Visual Disturbances

If this video essay by Eric Faden (an Associate Professor of Film/Media Studies at Bucknell University in Pennsylvania) lacks anything, it certainly is not ambition. Its length – it clocks in at a mammoth 46 minutes – is the first pointer but certainly not the last. As the creator himself puts it in his statement for [in]Transition, he “wanted to raise the bar of videographic criticism”. Why? Well, according to Faden, “many videographic works illustrate existing concepts; this work, however, introduces a new concept to Film/Media Studies”.


That new concept is called “Invisible Cinema”, and among other things it applies the psychological concepts of inattentional blindness and change blindness to film theory. To explain just what is meant by this concept and how it can be applied, this video essay carefully lays out its reasoning and builds a strong case in a variety of ways. “Invisible Cinema” is first situated and identified within the works of several filmmakers, before settling on Jacques Tati as the prime example of this technique. Faden doesn’t stop there but widens the scope of his essay beyond the French filmmaker, including essayistic musings on historic and modern film viewing culture.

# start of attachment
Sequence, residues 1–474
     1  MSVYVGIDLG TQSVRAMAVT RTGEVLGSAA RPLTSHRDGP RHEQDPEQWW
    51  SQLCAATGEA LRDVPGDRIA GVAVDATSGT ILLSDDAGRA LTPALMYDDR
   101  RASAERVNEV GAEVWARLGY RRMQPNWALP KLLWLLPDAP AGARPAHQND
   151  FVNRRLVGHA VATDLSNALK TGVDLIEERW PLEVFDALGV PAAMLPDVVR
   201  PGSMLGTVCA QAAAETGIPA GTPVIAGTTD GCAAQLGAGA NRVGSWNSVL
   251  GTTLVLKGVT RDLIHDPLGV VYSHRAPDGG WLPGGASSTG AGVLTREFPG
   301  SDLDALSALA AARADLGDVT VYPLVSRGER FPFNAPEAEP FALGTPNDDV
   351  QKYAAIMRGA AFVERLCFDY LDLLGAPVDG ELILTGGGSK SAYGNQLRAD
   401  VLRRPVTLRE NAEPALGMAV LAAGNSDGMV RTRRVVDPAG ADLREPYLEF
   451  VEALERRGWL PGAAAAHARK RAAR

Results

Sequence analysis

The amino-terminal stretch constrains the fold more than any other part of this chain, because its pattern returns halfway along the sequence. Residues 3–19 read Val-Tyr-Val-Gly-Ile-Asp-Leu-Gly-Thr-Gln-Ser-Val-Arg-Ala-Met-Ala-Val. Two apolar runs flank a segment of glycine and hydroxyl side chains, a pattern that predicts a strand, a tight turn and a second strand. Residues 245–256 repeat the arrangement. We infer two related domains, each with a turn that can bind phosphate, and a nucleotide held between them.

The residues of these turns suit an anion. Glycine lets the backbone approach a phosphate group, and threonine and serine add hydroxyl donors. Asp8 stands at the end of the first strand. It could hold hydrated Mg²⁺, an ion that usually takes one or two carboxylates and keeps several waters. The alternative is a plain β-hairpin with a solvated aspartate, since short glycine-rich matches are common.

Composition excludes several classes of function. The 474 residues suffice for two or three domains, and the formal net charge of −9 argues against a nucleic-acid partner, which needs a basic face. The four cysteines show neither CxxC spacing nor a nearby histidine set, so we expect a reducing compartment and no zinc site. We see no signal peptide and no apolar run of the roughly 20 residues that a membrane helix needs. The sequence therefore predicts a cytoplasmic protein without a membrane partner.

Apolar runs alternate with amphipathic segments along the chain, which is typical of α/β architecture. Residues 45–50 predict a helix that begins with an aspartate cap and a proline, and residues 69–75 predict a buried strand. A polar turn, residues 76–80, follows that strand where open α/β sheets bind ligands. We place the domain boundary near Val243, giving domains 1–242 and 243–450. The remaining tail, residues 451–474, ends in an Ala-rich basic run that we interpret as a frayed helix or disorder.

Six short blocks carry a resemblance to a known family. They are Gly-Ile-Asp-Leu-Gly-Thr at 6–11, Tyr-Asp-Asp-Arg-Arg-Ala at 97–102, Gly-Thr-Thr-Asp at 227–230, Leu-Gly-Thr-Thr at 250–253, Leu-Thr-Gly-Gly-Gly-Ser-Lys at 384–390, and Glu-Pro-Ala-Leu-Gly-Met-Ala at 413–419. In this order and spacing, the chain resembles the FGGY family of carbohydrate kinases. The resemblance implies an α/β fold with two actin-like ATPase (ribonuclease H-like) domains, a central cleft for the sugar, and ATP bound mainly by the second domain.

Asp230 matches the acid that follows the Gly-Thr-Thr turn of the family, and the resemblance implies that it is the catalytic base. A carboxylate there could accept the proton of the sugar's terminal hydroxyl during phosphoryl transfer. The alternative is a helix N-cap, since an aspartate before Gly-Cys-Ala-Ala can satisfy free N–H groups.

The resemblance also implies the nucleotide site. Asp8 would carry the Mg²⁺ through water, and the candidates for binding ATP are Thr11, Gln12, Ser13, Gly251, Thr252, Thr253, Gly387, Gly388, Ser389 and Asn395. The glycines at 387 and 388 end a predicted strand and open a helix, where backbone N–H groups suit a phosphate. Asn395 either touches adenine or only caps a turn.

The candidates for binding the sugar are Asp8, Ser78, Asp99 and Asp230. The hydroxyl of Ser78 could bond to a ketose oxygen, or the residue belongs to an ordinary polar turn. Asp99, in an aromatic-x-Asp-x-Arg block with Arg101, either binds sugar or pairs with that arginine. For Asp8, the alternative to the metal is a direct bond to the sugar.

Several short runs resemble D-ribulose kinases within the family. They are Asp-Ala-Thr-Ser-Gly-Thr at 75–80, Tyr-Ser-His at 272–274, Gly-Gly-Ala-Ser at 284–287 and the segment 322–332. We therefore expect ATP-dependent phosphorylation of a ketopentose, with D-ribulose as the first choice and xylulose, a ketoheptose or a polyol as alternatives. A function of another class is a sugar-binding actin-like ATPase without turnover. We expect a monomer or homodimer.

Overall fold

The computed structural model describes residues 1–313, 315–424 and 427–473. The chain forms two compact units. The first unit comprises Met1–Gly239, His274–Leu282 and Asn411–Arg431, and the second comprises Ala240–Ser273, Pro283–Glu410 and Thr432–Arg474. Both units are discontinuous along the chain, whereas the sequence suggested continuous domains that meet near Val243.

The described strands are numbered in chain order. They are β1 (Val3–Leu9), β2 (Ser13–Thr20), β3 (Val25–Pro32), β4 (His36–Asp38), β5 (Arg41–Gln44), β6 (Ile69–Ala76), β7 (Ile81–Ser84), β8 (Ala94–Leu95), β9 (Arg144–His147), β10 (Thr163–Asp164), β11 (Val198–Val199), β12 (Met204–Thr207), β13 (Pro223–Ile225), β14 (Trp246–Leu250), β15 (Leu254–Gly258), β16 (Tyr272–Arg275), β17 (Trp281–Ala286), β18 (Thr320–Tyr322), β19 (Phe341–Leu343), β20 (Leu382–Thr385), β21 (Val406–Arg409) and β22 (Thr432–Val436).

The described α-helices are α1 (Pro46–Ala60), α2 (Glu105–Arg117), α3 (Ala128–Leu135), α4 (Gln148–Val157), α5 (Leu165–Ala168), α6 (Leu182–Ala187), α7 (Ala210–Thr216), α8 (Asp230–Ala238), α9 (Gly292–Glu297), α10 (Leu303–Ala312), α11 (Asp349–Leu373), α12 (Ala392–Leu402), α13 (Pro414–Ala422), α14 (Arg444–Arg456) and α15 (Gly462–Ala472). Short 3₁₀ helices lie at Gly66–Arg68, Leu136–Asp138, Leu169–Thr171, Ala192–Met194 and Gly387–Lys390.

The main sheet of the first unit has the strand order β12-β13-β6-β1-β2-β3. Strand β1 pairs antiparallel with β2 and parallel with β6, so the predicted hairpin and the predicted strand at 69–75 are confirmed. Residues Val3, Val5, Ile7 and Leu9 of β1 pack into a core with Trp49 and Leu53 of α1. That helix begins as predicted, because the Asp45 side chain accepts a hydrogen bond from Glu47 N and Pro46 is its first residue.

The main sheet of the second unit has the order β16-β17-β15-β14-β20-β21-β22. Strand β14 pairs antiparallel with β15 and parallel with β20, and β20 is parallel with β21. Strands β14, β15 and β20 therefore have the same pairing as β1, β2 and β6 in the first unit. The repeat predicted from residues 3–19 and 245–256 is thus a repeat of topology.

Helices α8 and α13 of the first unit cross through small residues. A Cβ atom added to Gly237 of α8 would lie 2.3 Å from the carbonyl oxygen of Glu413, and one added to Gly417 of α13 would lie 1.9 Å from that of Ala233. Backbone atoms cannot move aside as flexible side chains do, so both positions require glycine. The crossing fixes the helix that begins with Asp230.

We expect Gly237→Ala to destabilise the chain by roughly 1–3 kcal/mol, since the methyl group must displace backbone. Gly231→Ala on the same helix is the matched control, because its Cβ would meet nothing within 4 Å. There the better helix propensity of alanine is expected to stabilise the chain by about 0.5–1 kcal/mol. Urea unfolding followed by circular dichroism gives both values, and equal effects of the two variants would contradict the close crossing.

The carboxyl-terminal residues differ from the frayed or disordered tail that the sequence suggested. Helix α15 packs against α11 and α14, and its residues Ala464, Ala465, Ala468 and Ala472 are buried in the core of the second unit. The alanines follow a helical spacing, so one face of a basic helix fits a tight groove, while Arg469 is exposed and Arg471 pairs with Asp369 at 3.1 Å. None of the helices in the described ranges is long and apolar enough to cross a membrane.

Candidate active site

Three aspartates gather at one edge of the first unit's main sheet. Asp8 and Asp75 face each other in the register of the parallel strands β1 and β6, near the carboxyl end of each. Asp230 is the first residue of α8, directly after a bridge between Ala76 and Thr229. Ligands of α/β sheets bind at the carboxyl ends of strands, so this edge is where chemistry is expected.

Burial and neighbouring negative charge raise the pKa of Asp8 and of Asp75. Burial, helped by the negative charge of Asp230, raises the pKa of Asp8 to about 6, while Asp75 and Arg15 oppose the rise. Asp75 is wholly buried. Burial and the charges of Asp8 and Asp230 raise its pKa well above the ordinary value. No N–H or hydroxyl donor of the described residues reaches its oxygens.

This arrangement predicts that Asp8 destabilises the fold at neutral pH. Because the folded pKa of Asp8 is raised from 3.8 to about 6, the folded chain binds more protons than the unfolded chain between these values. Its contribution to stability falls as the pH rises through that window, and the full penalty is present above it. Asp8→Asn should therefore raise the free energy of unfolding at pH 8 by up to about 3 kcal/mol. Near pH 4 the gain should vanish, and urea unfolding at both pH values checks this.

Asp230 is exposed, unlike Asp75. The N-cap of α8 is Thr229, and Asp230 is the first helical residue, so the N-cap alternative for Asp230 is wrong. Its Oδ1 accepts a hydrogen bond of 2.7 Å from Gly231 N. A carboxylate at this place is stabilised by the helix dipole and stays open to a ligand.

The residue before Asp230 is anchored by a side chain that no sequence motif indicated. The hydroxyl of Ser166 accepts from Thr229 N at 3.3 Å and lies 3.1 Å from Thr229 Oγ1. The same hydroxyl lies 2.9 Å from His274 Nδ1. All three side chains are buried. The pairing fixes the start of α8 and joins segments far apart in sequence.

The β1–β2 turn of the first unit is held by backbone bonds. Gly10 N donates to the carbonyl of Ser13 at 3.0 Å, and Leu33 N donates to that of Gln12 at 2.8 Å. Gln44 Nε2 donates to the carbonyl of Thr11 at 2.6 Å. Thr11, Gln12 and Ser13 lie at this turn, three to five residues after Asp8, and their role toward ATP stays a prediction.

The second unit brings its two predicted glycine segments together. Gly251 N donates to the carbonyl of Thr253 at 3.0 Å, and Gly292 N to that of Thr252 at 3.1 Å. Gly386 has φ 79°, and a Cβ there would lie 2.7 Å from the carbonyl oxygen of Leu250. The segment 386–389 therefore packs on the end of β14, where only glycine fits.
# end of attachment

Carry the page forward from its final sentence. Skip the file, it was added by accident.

Perhaps most impressive of all is the way this video essay combines several scientific methods and a mix of different videographic strategies to make its point. From interviews to eye tracking technology, from graphically enhancing footage to illuminating side-by-side montages: Faden makes great use of all means at his disposal.